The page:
Help to Buy benefits builders more than buyers, charity claims | News

Help to Buy benefits builders more than buyers, charity claims

The government’s unravelling Help to Buy scheme has proved better at putting money in developers’ pockets than getting first time buyers on the housing ladder, a charity has claimed.

According to Shelter, the tarnished scheme also appears to be more beneficial for higher earners rather than those on average incomes – the ones one would think are most in need of assistance.

Polly Neate, Shelter’s chief executive, slammed the scheme thusly: ‘Help to Buy is often touted by the government as a major success, when in truth it’s a major failure. It’s a policy that boosts the bank balances of big developers but has nothing to offer the average renter.’

Shelter’s analysis shows that only 4,142 households with incomes of £30,000 or less used Help to Buy in the last year - fewer than 0.2% of England’s private renting households in that income bracket.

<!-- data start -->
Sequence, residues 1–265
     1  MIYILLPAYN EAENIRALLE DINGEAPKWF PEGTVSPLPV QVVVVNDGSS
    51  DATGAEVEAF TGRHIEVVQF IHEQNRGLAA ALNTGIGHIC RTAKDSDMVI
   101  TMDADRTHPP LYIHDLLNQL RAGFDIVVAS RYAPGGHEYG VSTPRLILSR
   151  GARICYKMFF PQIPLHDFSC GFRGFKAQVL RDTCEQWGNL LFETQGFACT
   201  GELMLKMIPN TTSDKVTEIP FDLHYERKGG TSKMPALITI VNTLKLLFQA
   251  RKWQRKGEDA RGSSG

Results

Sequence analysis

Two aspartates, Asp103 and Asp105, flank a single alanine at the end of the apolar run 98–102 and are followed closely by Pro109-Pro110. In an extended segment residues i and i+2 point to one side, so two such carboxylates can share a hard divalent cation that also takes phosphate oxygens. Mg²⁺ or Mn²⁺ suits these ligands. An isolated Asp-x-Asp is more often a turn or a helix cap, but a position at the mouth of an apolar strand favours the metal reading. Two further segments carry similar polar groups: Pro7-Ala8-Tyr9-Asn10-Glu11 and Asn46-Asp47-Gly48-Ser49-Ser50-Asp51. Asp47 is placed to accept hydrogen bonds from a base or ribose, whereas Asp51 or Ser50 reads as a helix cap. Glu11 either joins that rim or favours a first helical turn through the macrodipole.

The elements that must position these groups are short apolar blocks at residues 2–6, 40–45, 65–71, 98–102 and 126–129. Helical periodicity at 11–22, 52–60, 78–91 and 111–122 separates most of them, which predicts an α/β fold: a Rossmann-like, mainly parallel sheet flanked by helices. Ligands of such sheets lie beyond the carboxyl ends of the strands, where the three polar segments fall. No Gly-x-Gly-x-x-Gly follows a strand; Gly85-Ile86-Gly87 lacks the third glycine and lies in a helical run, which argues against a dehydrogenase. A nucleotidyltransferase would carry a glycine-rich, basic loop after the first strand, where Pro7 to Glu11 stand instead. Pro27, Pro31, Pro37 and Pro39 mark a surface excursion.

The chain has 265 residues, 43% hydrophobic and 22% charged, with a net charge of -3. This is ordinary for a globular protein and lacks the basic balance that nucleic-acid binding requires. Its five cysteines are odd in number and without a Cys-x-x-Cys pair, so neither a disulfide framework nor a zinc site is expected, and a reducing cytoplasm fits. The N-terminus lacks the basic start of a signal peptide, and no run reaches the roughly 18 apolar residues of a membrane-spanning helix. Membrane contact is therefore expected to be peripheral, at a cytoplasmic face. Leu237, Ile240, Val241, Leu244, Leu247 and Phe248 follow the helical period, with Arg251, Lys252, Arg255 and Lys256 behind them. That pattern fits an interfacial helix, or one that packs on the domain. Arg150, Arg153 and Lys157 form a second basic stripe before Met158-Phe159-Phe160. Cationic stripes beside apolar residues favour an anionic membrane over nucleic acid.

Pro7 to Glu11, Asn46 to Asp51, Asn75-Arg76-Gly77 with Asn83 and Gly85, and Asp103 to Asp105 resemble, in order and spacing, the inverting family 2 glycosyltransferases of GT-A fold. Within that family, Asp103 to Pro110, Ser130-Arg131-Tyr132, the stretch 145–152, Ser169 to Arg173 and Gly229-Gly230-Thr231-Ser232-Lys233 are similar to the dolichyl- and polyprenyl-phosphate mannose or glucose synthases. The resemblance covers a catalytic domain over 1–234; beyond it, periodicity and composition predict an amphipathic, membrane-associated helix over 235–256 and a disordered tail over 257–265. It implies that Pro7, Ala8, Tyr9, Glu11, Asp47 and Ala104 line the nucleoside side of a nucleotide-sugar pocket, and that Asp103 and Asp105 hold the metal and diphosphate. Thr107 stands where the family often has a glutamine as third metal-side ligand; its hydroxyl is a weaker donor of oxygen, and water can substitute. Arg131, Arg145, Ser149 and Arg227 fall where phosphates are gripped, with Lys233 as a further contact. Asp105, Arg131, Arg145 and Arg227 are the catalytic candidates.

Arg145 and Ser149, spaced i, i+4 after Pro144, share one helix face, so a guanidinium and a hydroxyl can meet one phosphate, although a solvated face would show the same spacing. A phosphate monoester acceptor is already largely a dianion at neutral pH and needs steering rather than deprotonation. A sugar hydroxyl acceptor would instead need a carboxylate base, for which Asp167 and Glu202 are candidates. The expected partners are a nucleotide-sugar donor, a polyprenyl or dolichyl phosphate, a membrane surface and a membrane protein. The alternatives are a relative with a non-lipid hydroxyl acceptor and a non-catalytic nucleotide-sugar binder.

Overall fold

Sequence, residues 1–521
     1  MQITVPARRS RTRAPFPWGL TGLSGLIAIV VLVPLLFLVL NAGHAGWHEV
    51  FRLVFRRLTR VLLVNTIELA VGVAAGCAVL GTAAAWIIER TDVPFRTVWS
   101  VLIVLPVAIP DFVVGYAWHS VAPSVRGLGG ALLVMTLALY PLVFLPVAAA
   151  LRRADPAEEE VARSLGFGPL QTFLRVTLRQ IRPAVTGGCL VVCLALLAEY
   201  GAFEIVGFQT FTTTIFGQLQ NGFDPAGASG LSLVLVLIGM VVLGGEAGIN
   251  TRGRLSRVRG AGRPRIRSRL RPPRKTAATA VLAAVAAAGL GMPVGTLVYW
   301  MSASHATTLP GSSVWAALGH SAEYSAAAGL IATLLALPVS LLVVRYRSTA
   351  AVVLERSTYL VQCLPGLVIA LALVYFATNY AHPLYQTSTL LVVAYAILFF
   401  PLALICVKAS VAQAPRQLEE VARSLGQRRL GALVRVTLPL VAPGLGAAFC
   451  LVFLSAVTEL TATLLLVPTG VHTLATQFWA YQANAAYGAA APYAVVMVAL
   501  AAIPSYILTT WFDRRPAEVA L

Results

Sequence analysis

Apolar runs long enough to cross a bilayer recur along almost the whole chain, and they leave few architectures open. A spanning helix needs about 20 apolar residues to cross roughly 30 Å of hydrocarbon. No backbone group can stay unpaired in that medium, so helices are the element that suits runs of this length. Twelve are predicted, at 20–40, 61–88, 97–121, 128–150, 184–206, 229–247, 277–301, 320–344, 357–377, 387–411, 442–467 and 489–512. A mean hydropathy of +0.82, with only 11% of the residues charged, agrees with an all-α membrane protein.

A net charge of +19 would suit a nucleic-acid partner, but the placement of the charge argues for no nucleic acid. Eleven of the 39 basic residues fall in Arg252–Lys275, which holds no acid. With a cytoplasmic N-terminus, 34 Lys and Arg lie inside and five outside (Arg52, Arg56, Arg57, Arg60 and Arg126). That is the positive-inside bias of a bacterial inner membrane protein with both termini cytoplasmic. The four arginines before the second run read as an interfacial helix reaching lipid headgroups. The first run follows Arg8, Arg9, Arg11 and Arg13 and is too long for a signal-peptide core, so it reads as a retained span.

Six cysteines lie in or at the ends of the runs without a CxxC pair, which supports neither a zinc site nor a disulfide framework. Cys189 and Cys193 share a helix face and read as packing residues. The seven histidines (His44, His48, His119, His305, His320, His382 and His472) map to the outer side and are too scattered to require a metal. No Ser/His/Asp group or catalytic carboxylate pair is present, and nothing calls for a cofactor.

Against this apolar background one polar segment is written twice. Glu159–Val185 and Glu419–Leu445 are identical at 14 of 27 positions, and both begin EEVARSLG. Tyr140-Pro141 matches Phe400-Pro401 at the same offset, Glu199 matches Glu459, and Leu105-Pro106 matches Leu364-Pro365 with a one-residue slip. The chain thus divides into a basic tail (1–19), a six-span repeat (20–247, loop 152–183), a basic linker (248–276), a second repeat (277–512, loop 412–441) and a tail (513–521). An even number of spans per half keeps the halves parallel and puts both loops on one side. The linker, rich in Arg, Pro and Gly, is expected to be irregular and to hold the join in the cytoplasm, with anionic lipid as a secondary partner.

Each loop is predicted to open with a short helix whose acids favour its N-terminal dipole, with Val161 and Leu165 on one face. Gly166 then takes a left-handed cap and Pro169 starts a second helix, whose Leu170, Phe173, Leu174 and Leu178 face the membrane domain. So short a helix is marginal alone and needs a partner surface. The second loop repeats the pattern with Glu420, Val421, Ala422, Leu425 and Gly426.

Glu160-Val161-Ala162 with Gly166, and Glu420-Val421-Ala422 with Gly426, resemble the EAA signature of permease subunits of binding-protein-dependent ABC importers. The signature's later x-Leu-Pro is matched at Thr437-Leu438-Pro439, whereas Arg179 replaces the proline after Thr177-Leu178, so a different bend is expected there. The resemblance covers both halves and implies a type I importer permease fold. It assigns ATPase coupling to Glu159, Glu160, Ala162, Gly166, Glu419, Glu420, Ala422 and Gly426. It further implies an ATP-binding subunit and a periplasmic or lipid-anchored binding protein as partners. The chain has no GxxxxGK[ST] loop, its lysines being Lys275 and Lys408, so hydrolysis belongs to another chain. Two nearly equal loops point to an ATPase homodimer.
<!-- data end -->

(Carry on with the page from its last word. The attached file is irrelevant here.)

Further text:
Though the English Housing Survey puts the average private renting household at a gross annual income of £27,000, the average first-time buyer accessing Help to Buy has gross earnings of at least £50,000!

Meanwhile, Shelter says the scheme has been a goldmine for the country’s three largest housebuilders, with analysis of their annual reports showing Help to Buy has helped boost Persimmon, Barratt and Taylor Wimpey pre-tax profits. In fact, Barratt’s profits have rocketed 325% since Help to Buy’s 2013 introduction, Shelter says.

Shelter said: ‘The problem with the latest changes to Help to Buy is they’ll take already expensive homes and offer to spread out the costs over a longer period, which perversely ends up with the buyer paying more. Given there are millions of people who can barely afford to keep any kind of roof over their head, this piecemeal approach is never going to solve the housing emergency.

‘At the crux of this crisis is the desperate shortage of genuinely affordable social homes. In fact, three million more social homes are needed in the coming years. This is where the new government should be taking decisive action, and where the greatest opportunity to help trapped renters lies.’